Fun Fact: By 1924, the Pennsylvania Railroad had over 3,300 class H locomotives in service, which accounted for 44% of its entire locomotive roster. No. 1187 remains the sole survivor of the Class R (reclassified H3 in 1897).

Listed on the National Register of Historic Places

Pennsylvania Railroad No. 1223

No. 1223: An “American” Star

Built: 1905 by Pennsylvania Railroad, Juniata Shops, Altoona, Pennsylvania

Retired: 1950

The durable 4-4-0 had nation-wide appeal through most of the 19th-century, earning it the name “American.” The Pennsylvania Railroad perfected its design, creating the D16 class as the most modern American-style locomotives ever built. No. 1223 pulled passenger trains on Maryland, Delaware, and New Jersey lines for 45 years.

The locomotive was retired in 1950 and later borrowed by the Strasburg Rail Road beginning in 1960. It would once again return to steam service in 1965. It also pulled daily tourist trains and special excursions on the Strasburg Rail Road from 1965 until 1989.

Fun Fact: This locomotive had a star-lit career, appearing on the silver screen in Broadway Limited (1941) and Hello, Dolly! (1969), as well as several television documentaries and commercials.

Listed on the National Register of Historic Places.

Pennsylvania Railroad No. 2846

A Standard Freight Locomotive

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Built: 1905 by Baldwin Locomotive Works, Philadelphia, Pennsylvania

Retired: 1956


At the dawn of the 20th century, the Pennsylvania Railroad billed itself as the “Standard Railroad of the World,” emerging as a clear leader in American railroading. Most of the road’s freight trains were pulled by various “H” class locomotives. Even among a class of 2,029 units, no two H6 locomotives were exactly the same.

No. 2846 received special accessories over its lifetime. These included: a superheater to further dry the steam on its path between the boiler and the pistons; a power reverse lever on the engineer’s side; and a rare pipe from the steam dome to the pilot wheels on the fireman’s side used in winter to discharge steam over frozen switch points.

Listed on the National Register of Historic Places

Pennsylvania Railroad No. 5741

Power for the Masses

Built: 1924 by Pennsylvania Railroad, Juniata Shops, Altoona, Pennsylvania

Retired: 1955

The popularity of commuter trains brought about the development of the G5s, the largest and heaviest ten-wheelers ever built. They filled the need to combine high-speed service with the demands of frequent starts and stops. Designed by Pennsylvania Railroad mechanical engineer, William Kiesel, this compact locomotive was capable of rapid acceleration with a heavy train.

Originally planned for the Pittsburgh area, G5 class locomotives soon began operating in Philadelphia, Chicago, Long Island, and Grand Rapids. From big cities to small towns, the G5 became part of the daily routine for millions.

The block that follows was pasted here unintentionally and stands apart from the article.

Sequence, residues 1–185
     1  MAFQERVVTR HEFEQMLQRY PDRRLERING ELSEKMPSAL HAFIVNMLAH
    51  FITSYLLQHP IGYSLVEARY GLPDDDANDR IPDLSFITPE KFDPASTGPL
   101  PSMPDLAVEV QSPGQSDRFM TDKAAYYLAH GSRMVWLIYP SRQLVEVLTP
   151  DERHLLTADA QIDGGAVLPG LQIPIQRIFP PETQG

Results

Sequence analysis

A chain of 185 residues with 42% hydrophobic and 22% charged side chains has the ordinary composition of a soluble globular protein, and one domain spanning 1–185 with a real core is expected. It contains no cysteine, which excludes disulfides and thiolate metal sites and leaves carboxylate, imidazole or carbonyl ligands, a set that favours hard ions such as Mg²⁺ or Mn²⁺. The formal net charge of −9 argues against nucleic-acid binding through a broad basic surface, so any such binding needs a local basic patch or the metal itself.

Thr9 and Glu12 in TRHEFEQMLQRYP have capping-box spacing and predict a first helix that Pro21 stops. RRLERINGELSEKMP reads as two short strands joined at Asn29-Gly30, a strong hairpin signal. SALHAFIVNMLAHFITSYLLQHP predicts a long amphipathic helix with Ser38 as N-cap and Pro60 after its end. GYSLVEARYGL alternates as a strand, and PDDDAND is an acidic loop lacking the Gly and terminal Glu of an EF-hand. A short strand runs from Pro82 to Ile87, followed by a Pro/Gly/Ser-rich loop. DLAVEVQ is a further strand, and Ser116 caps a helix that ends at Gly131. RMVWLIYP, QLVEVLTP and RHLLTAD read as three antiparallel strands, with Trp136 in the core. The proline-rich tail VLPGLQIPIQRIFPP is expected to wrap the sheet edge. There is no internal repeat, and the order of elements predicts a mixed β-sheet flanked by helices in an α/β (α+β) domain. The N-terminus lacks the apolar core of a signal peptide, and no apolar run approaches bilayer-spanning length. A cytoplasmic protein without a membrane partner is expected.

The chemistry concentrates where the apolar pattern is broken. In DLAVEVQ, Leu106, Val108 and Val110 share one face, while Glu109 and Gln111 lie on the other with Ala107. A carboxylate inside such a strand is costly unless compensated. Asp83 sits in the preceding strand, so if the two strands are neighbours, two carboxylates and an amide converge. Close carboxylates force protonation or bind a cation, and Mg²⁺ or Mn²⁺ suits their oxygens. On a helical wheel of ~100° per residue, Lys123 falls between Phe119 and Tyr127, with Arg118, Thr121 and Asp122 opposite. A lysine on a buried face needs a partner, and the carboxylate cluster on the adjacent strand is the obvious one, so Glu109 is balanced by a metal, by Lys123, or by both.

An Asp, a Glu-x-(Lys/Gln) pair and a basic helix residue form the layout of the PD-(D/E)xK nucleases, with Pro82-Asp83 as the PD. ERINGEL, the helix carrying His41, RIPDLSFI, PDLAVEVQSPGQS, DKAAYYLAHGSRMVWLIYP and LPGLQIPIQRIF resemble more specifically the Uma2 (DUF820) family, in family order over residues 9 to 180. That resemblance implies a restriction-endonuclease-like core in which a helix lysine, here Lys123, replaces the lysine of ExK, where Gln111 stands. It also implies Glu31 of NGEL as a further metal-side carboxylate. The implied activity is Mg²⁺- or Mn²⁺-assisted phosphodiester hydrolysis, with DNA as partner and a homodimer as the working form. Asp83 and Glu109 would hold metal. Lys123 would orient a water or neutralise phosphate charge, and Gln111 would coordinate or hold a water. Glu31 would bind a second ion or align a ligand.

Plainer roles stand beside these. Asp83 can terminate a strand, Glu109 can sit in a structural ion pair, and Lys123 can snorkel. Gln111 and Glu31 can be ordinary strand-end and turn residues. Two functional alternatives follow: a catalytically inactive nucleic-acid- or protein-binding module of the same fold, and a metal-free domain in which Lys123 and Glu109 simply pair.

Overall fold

Fun Fact: The G5 was the standard Pennsylvania Railroad steam locomotive for commuter service for two decades.

Listed on the National Register of Historic Places

Pennsylvania Railroad No. 7002

The World’s Fastest Locomotive

Built: 1902 by Pennsylvania Railroad, Juniata Shops, Altoona, Pennsylvania

Retired: 1934 (original) 1939 (No. 8063)


Speed became a marketing tool as railroads competed for passenger business. The New York Central was the first to break the 100 mph barrier, but not long after, the Reading Company had four Atlantic-type locomotives equally capable. The Pennsylvania Railroad’s E2 and E3 class Atlantics quickly developed a reputation for being fast, dependable runners.

The E2 No. 7002 gained fame on June 12, 1905, when it reportedly set a ground speed record of 127.1 mph, making up time west of Crestline, Ohio. In 1939, the Pennsylvania Railroad prepared to send No. 7002 to the World’s Fair in New York, only to find it had been unceremoniously scrapped. The Pennsylvania Railroad chose another locomotive, No. 8063 as a “stand in” at the Fair. With no time to change its appearance, it debuted as No. 8063. In 1983, it was leased to the Strasburg Rail Road, where it operated until 1989.

Fun Fact: By the 1949 Chicago World’s Fair, the locomotive was shown off in all its glory as No 7002, under the banner of being the World’s Fastest Locomotive.

Listed on the National Register of Historic Places

Reading Company No. 1251

A Compact and Powerful Workhorse

Built: 1918 by Philadelphia and Reading Company, Reading Shops, Reading, Pennsylvania

Retired: 1963

The compact and reliable No. 1251 served for 45 years in the Reading Locomotive Shops. Known as a roundhouse “goat,” the No. 1251 was an industrial switching engine used to move locomotives in and out of the shops. Since the Reading shops built more than 620 completely new locomotives and rebuilt hundreds of others, No. 1251 was kept busy for many years.